Page last updated at 23:24 GMT, Monday, 25 January 2010

Hundreds arrested after Nigeria clashes

Health officials at the Jos Central Mosque treat victims of the violence (23 Jan 2010)
Around 300 people are believed to have died during the violent clashes

More than 300 people suspected of being involved in last week's deadly religious clashes in central Nigeria have been arrested, police have said.

Troops have been ordered to remain at their posts to avoid the army being dragged into the conflict, AFP reports.

Although an exact death toll is not known, 300 or more are thought to have died in the Muslim-Christian clashes.

Scores of bodies have been found in wells near Jos, a city straddling the Christian south and Muslim north.

Of the 300 arrested, almost half have been taken from the central Plateau state to the capital, Abuja, for questioning.

Displaced people

Many of those arrested were previously taken into custody during similar violence in November 2008, a state government spokesman said according to Reuters.

Nigeria map
Deadly riots in 2001 and 2008
City divided into Christian and Muslim areas
Divisions accentuated by system of classifying people as indigenes and settlers
Hausa-speaking Muslims living in Jos for decades are still classified as settlers
Settlers find it difficult to stand for election
Divisions also exist along party lines: Christians mostly back the ruling PDP; Muslims generally supporting the opposition ANPP

"We are afraid the same situation will occur again. They were moved to Abuja last time, but they were never prosecuted," Plateau state government spokesperson Gregory Yenlong said.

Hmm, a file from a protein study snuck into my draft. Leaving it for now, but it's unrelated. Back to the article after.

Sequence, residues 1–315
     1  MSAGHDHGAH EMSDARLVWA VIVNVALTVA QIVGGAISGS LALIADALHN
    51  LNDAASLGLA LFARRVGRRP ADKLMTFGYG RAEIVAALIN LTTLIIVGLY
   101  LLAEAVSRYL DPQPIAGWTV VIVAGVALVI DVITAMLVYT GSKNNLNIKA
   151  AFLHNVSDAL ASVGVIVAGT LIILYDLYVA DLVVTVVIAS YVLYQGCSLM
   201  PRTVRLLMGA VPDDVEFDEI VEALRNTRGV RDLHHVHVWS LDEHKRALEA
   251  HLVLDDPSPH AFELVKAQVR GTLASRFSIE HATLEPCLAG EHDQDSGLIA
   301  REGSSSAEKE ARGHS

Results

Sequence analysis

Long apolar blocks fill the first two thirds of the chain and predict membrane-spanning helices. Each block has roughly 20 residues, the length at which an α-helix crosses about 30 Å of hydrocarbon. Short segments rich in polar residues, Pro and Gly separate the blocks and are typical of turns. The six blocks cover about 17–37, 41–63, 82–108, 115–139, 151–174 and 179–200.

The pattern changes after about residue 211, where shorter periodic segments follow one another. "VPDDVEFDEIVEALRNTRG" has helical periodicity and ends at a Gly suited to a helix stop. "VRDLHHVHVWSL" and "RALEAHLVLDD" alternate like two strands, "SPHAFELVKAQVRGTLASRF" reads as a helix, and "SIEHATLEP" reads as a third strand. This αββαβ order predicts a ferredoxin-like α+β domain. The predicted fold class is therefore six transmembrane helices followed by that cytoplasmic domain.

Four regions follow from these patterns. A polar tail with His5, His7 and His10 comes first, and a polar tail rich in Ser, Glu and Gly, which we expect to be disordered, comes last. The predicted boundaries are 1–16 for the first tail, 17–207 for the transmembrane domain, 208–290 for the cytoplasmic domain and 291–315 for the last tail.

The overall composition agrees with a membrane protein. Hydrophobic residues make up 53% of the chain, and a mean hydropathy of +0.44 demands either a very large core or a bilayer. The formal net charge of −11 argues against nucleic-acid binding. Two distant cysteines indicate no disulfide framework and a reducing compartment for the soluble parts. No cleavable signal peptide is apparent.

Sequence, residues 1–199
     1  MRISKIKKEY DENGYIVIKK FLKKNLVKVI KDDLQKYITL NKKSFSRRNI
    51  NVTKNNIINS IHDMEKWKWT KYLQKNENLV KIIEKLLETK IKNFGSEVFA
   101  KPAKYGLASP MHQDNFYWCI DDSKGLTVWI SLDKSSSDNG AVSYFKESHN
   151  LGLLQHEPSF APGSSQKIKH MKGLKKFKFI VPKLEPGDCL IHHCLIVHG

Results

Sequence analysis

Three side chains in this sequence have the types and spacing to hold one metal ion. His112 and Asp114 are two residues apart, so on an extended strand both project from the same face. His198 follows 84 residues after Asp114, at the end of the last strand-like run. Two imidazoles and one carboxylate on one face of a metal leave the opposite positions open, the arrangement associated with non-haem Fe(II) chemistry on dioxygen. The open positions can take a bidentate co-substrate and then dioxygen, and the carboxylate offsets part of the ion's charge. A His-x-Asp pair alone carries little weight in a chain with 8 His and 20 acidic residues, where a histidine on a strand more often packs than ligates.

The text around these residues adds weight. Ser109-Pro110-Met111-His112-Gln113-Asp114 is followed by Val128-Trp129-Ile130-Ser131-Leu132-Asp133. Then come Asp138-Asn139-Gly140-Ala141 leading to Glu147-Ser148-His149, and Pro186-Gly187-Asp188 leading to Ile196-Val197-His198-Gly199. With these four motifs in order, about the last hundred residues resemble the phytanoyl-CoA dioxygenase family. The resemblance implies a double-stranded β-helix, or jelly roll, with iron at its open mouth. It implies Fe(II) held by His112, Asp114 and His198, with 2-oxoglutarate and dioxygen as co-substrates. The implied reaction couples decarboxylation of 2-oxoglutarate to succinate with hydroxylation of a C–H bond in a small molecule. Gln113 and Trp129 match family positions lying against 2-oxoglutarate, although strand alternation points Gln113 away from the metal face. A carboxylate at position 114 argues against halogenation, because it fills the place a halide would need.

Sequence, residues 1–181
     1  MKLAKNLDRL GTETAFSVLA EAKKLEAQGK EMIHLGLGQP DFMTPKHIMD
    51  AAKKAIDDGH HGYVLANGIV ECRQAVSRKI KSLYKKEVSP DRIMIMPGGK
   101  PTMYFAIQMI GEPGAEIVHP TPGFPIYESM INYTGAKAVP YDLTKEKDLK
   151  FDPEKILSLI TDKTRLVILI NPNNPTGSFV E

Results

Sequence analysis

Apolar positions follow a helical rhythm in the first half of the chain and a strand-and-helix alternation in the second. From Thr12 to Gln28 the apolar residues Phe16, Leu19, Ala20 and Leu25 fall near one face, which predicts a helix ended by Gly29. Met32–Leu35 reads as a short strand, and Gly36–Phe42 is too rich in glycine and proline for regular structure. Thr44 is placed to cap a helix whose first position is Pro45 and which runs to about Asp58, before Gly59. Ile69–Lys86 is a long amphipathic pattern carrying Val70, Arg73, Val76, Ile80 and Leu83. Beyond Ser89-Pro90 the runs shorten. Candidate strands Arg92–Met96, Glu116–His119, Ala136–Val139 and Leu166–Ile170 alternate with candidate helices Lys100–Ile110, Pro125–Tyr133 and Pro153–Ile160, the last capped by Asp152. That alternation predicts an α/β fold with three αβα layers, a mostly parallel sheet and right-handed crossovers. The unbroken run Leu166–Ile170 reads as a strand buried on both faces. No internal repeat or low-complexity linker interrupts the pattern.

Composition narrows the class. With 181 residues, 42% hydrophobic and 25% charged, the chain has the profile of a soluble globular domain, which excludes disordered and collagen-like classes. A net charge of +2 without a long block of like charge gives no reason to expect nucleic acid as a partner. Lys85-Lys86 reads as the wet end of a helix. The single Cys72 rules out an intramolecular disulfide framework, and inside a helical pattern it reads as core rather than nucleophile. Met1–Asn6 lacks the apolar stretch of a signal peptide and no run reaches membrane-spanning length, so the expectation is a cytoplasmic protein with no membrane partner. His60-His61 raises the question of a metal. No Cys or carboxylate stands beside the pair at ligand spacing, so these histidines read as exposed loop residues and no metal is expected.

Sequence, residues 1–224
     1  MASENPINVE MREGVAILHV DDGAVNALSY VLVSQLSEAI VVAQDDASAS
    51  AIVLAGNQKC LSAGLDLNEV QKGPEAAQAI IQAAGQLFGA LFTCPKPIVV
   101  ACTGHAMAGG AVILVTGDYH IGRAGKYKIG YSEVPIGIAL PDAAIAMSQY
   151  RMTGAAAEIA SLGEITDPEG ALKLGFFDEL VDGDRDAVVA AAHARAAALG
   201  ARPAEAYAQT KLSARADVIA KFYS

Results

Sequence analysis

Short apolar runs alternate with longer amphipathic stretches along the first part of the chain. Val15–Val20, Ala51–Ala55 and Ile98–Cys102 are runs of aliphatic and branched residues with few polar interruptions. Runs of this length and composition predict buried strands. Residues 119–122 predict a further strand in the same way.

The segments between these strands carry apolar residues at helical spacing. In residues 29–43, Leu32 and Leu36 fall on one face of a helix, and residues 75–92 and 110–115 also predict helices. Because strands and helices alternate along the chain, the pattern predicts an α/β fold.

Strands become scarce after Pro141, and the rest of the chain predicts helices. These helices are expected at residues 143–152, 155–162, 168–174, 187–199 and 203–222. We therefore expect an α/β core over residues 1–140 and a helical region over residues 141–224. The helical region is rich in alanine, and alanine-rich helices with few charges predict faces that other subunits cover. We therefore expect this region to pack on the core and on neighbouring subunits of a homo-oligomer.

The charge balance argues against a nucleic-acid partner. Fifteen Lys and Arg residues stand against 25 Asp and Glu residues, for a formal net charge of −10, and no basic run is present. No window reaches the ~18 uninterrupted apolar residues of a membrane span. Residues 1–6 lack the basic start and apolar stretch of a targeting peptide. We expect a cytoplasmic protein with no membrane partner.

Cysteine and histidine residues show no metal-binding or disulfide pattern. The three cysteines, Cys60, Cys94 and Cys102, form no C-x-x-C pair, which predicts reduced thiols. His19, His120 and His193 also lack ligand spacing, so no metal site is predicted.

Hundreds of police have been deployed on the streets of Jos to restore order and a curfew imposed on the city has been relaxed to run for 12 hours from 1800 each evening.

The head of Nigeria's armed forces said they had intelligence that some people were trying to infiltrate its ranks.

"We are aware of the fact that there is tension in the country," Lt Gen Abdulrahman Dambazau said, according to AFP.

"We want to ensure that we control the movement of troops to protect them against people who will try to take advantage of them."

The violence erupted in the city last week, rapidly spreading to nearby villages. Several thousand people remain displaced, having abandoned their homes, fleeing the mobs wielding knives and machetes.

A precise toll is not known though Muslim officials in Jos who spoke to the campaign group Human Rights Watch said 364 Muslims had been killed.

Christian groups say their communities have also been attacked but they have not said how many people were killed.

A police spokesman has said more than 300 people died but the AFP news agency reports some estimates that more than 500 were killed.

Jos, the capital of Plateau state, lies between Nigeria's mainly Muslim north and predominantly Christian south.

But senior figures in the religious community have said that the real cause of the violence is a struggle for political superiority in the city.

Print Sponsor


The BBC is not responsible for the content of external internet sites

Has China's housing bubble burst?
How the world's oldest clove tree defied an empire
Why Royal Ballet principal Sergei Polunin quit


Sign in

BBC navigation

Copyright © 2019 BBC. The BBC is not responsible for the content of external sites. Read more.

This page is best viewed in an up-to-date web browser with style sheets (CSS) enabled. While you will be able to view the content of this page in your current browser, you will not be able to get the full visual experience. Please consider upgrading your browser software or enabling style sheets (CSS) if you are able to do so.

Americas Africa Europe Middle East South Asia Asia Pacific